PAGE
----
Gov. Andrew Cuomo on Tuesday urged residents of New York and neighboring New Jersey and Connecticut to avoid all but essential travel among the states because of a spike in coronavirus cases in the Garden and Nutmeg states.
During a conference call with reporters, Cuomo said “non-essential” cross-border travel in the tri-state region “should be avoided.”
It’s a sticky situation because the three states had agreed to a regional travel advisory that requires residents of other states with high COVID-19 infections to quarantine upon arrival. New York also requires foreigners at airports to fill out contact tracing forms.
Residents of any state that averages a 10 percent infection rate on a seven-day rolling average, or where the number of positive cases recorded exceeds 10 percent of every 10,000 residents over seven days, are required to quarantine.
Cuomo said New Jersey and Connecticut are now among the 43 states that exceed the threshold — though he said their residents will not be required to quarantine upon entry to New York because there is too much commuting and commerce between the states.
“We are now in a situation where 43 states are on our travel advisory. This is really a bizarre outcome. New York had the highest infection rate. We now have 43 states on our quarantine list. It just shows you how different the situation is now,” Cuomo said.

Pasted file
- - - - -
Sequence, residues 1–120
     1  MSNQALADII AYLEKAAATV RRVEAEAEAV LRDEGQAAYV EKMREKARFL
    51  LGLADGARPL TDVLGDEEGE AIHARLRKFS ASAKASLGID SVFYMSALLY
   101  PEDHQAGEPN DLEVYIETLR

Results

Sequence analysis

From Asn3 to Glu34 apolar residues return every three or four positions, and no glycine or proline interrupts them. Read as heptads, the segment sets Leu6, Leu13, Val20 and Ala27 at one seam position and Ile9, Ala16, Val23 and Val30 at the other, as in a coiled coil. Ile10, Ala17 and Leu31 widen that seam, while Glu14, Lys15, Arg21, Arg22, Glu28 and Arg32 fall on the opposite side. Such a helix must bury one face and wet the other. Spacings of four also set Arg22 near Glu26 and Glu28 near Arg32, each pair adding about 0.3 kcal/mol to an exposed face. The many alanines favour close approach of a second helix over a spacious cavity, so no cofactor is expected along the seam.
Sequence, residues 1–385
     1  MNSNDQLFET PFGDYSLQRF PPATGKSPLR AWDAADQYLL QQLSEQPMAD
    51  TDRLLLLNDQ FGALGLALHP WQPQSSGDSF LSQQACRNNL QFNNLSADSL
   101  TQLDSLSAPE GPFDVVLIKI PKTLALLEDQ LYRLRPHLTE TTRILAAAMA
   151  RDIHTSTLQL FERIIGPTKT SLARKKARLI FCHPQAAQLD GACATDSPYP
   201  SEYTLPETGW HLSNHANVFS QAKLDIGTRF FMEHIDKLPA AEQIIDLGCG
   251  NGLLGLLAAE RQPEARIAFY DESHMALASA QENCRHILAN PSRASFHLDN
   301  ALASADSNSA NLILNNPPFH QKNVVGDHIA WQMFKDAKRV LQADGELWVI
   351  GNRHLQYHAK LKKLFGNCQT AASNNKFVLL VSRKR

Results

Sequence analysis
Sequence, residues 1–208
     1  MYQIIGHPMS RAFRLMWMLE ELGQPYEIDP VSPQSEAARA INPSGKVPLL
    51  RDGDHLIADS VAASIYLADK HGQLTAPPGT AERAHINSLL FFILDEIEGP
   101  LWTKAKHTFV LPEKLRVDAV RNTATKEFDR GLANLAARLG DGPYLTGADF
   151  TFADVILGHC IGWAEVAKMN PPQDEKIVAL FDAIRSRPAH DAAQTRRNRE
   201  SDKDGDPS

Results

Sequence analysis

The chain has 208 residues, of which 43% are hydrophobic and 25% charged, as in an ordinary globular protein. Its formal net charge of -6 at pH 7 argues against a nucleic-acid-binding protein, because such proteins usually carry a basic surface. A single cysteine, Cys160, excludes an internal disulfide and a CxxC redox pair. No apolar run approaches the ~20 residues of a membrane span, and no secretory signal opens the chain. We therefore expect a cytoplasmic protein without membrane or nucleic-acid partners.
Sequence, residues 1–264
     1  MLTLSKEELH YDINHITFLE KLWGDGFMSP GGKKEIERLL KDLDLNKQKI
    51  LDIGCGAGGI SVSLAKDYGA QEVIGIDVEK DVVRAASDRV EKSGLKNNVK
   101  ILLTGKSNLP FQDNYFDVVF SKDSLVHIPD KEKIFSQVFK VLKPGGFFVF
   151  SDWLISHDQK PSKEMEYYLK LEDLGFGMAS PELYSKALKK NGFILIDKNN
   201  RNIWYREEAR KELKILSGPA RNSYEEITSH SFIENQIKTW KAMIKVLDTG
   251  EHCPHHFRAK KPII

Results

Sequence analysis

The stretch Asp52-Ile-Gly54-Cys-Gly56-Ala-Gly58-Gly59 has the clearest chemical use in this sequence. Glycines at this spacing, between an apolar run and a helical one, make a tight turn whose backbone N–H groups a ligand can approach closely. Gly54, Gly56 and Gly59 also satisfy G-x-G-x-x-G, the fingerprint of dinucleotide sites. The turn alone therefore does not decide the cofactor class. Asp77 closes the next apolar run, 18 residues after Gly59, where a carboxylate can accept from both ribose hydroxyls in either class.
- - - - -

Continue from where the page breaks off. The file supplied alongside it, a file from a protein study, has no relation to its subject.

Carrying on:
“Connecticut and New Jersey have seen spikes in infection. I’m gonna be speaking with the governors today about how we can help them with their spikes,” the governor said.
“There is no practical way to quarantine New York from New Jersey and Connecticut. There’s just too many interchanges, too many interconnections, there are too many people that live in one place and work in the other,” Cuomo admitted.
He said imposing the quarantine on the neighboring states would have a “disastrous effect on the economy.”
Before the pandemic, there were 283,000 daily riders on the PATH train between New Jersey and New York — mostly residents commuting to their jobs in the other state. Thousands of others travel among the states via bridges and tunnels.
Violators of the travel advisory face up to $2,000 in fines if they refuse to comply with the 14-day isolation order following touchdown in New York. However, a Post analysis showed only one Florida man has ever been busted for violating the order.
Mark Anthony Perez, 51 of Miramar, Fla., faces $1,500 in fines, according to an arrest report from the New York City Sheriff’s Department after deputies showed up at his Midtown hotel on Sept. 18 and he was nowhere to be found.
The travel list also includes Alabama, Alaska, Arizona, Arkansas, Colorado, Delaware, Florida, Georgia, Guam, Idaho, Illinois, Indiana, Iowa, Kansas, Kentucky, Louisiana, Maryland, Michigan, Minnesota, Mississippi, Missouri, Montana, Nebraska, Nevada, New Mexico, North Carolina, North Dakota, Ohio, Oklahoma, Puerto Rico, Rhode Island, South Carolina, South Dakota, Tennessee, Texas, Utah, Virginia, West Virginia, Wisconsin and Wyoming.